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Revealed: RIBA Council election results


The RIBA has revealed the results of this year’s council elections

Feilden and Mawson partner Elsie Owusu has returned to council and is joined by Scott Brownrigg practice director Helen Taylor and Lisa Raynes who previously represented the North West on the solo practitioners group.

The student seat went to Sheffield School of Architecture’s Lillian Ingleby who was a finalist in the AJ Hoare Lea bursary and last week picked up a RIBA Wren Insurance scholarship.

Current councillors who have lost their seat after failing to get re-elected include Dale Sinclair, Elena Tsolakis, Roz Barr, Dan Benham, and Satwinder Samra.

New members will take up their seat on council from 1 September when Jane Duncan takes over from Stephen Hodder as RIBA president.

The RIBA election results

National council members

  • Jonathan Ball
  • Alan Jones
  • Elsie Owusu
  • Mark Percival
  • Lisa Raynes
  • Helen Taylor

Regional council members

  • Ruth Donnelly (Yorkshire)
  • Mark Hodson (Yorkshire)
  • Richard Parnaby (RSAW)
  • Timothy Bailey (North East)
  • Andrew Bourne (South West)
  • Jennifer Forakis (South)
  • Mark Jermy (East Midlands)
  • Dominic Kramer (East Midlands)
  • Ewen Miller (North West)
  • Nicola Watson (North East)
  • Richard Wooldridge (North West)

Student council member

  • Lillan Ingleby

Associate council member

  • Albena Atanassova

Readers' comments (5)

  • It would be interesting to see the number of votes as a percentage of membership, and per candidate.

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  • Just had this in from the RIBA [votes as percentage of membership]

    National council seats – 14.1%
    Wales – 18%
    Yorks – 20.3%
    Associate – 16.7%
    Student – 4%

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  • Richard Saxon

    Astonishing that Dale Sinclair's enormous contribution has gone unrewarded! The new Plan of Work and associated BIM stuff is down to Dale. But then the 14% of the electorate who voted probably don't know that.

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  • 14%...ye gods. That is truly awful.

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  • Ben Derbyshire

    The RIBA needs to become Members’ Institute for the Advancement of Architecture.

    If the institute fails to adopt a strategy of change over the next five years in response to members concern to see a focus on the future of architecture the membership will dwindle by comparison with the burgeoning ARB and elections to council and presidency will continue to seem irrelevant.

    The changes should be aimed at increasing the number and diversity of our members. The focus of this effort must be on younger entrants to the profession, as representing its future.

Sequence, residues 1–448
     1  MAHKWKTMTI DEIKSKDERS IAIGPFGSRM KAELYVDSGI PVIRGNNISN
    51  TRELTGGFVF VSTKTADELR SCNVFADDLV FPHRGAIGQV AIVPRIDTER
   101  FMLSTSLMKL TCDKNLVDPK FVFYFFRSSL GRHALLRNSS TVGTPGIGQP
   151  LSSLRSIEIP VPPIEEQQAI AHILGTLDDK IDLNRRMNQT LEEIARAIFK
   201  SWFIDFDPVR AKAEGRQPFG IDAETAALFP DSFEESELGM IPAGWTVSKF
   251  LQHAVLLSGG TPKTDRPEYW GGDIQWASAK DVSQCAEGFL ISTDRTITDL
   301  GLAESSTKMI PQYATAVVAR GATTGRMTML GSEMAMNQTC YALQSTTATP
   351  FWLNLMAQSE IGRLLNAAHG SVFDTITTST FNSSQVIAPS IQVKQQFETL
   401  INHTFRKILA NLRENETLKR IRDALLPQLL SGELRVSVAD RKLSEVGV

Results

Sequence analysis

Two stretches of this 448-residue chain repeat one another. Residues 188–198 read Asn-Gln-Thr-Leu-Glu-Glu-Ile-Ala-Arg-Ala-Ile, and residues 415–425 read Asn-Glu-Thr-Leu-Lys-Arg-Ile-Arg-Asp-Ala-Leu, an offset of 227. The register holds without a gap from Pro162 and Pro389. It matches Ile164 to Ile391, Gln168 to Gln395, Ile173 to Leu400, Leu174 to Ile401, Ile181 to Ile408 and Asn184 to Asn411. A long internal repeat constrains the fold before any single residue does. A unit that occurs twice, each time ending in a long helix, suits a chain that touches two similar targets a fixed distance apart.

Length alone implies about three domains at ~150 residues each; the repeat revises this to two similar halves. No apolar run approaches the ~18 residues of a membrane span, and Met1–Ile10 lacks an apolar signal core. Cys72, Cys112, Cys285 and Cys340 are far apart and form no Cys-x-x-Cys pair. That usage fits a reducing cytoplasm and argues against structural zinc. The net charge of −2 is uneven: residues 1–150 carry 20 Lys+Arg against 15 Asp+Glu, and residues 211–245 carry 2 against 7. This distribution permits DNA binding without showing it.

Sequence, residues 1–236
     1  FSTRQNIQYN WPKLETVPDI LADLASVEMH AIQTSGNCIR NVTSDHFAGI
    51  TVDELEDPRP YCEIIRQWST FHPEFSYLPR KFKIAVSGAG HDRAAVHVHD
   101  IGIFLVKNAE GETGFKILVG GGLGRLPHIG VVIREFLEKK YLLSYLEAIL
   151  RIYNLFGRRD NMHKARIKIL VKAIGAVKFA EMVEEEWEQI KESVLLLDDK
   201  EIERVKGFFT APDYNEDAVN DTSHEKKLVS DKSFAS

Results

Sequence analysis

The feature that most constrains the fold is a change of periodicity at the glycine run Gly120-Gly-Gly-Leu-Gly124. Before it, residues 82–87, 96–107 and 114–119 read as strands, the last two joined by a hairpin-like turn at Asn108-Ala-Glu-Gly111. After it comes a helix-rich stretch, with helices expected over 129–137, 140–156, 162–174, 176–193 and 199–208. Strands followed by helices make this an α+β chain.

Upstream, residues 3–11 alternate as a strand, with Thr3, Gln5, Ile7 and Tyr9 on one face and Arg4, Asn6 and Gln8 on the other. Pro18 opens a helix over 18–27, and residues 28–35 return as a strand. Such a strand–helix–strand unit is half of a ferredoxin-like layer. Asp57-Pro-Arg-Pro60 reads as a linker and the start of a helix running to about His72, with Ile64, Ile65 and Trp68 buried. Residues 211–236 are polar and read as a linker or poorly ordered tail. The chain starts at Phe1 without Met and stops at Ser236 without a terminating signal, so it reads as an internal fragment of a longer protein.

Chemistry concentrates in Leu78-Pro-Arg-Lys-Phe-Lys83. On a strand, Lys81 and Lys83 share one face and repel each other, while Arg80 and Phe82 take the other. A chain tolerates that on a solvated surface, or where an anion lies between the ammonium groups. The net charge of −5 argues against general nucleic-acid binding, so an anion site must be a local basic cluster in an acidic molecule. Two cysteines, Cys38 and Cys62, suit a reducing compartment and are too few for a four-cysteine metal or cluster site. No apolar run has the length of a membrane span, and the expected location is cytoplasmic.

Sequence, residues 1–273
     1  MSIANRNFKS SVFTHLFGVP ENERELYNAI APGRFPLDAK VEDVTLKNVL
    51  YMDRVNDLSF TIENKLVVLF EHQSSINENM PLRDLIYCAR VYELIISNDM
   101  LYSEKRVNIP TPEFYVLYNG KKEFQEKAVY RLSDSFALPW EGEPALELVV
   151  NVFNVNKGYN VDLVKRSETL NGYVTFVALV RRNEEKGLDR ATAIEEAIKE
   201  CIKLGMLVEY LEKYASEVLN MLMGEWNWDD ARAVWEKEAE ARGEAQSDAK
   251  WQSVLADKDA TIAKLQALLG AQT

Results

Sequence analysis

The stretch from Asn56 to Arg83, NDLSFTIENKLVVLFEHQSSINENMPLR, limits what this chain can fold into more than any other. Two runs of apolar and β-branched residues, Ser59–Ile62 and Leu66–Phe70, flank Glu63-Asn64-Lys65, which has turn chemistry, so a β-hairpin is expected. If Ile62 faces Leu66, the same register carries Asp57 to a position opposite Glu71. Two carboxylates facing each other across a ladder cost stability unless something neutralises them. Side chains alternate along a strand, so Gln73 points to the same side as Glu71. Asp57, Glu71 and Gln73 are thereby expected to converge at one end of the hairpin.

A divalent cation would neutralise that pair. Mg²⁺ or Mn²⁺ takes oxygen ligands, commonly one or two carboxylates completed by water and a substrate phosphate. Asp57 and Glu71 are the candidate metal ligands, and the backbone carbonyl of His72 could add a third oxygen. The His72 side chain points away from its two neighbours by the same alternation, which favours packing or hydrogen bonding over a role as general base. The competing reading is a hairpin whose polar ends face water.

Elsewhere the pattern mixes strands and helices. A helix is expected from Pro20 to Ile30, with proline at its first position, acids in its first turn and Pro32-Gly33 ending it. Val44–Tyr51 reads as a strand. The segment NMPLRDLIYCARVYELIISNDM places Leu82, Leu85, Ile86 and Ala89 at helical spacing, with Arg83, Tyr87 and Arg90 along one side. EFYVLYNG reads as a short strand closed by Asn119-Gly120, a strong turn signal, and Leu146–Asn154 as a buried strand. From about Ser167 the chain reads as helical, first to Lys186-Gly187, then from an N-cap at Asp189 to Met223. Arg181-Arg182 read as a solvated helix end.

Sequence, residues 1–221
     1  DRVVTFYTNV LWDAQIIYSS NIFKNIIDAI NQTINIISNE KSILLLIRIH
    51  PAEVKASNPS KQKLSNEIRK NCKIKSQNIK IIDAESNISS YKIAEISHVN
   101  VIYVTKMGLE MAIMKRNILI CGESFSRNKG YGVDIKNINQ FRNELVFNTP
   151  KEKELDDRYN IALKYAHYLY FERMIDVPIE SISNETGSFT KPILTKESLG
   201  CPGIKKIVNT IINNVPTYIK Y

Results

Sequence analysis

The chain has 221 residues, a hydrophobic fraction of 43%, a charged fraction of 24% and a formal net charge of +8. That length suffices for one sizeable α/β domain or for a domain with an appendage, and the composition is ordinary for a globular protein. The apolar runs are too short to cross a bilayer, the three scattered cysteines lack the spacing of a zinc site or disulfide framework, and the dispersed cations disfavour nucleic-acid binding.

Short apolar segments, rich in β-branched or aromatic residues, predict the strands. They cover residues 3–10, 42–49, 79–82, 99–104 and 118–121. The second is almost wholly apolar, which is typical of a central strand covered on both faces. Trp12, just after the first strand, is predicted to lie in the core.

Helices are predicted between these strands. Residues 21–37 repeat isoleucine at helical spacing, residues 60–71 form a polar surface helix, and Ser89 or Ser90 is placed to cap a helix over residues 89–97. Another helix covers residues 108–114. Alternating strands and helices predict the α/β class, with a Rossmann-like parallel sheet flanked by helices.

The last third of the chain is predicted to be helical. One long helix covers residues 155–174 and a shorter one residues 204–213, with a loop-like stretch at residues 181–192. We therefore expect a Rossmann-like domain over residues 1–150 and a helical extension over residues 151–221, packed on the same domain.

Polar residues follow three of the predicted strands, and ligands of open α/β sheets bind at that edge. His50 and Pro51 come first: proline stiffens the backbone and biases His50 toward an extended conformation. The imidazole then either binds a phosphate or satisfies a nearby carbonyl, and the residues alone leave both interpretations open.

We should place ethics and social purpose of architecture and the profession at the heart of the debate, recognising the growing concern amongst young professionals and activists that not enough is being done to secure a fair, equitable and sustainable future through the creation of the built environment.

    We must seek greater diversity not only in race, gender and sexual orientation, but geographically, and also in the ways and circumstances in which architects practice and contribute their skills and knowledge to commerce and society.

    The institute must do more to promote and facilitate the involvement of this diverse membership in its work and its communications both to the profession and to the laity.

    The ambition is to attract architects, their collaborators and clients from all walks and persuasions to debate and exchange ideas, knowledge and information both on line and at the institute and its branches.

    We should bring together the resources of the institute, the Journal, RIBA Enterprises and an upgraded website in order to represent and communicate the nature of the resulting debate and discourse.

    The result will be a rejuvenation of the institute and ultimately of the profession in terms of its membership, its ideas and its governance - members should clamour for council places and to vote for those whose views they share.

    We can easily measure the success of this enterprise in the usage of the physical and virtual space provided by the institute, in the diversity of the discourse generated and by the attendance and readership of output.

    RIBA should restate its purpose:

    Advancing architecture by supporting and developing the profession; in society, by its members and with its clients and collaborators.

    In other words, the RIBA exists to advance architecture and recognises it can't do it alone! And I'd say a summary of our vision for the profession over the next five years would be:

    A demonstrable increase in the role and influence of the profession in the built environment, improving its design, its equity and sustainability, and a commensurate increase in the membership of the RIBA and the strength of its representation on council.

    Ben Derbyshire
    Managing Partner HTA Design LLP
    Chair, The Housing Forum.

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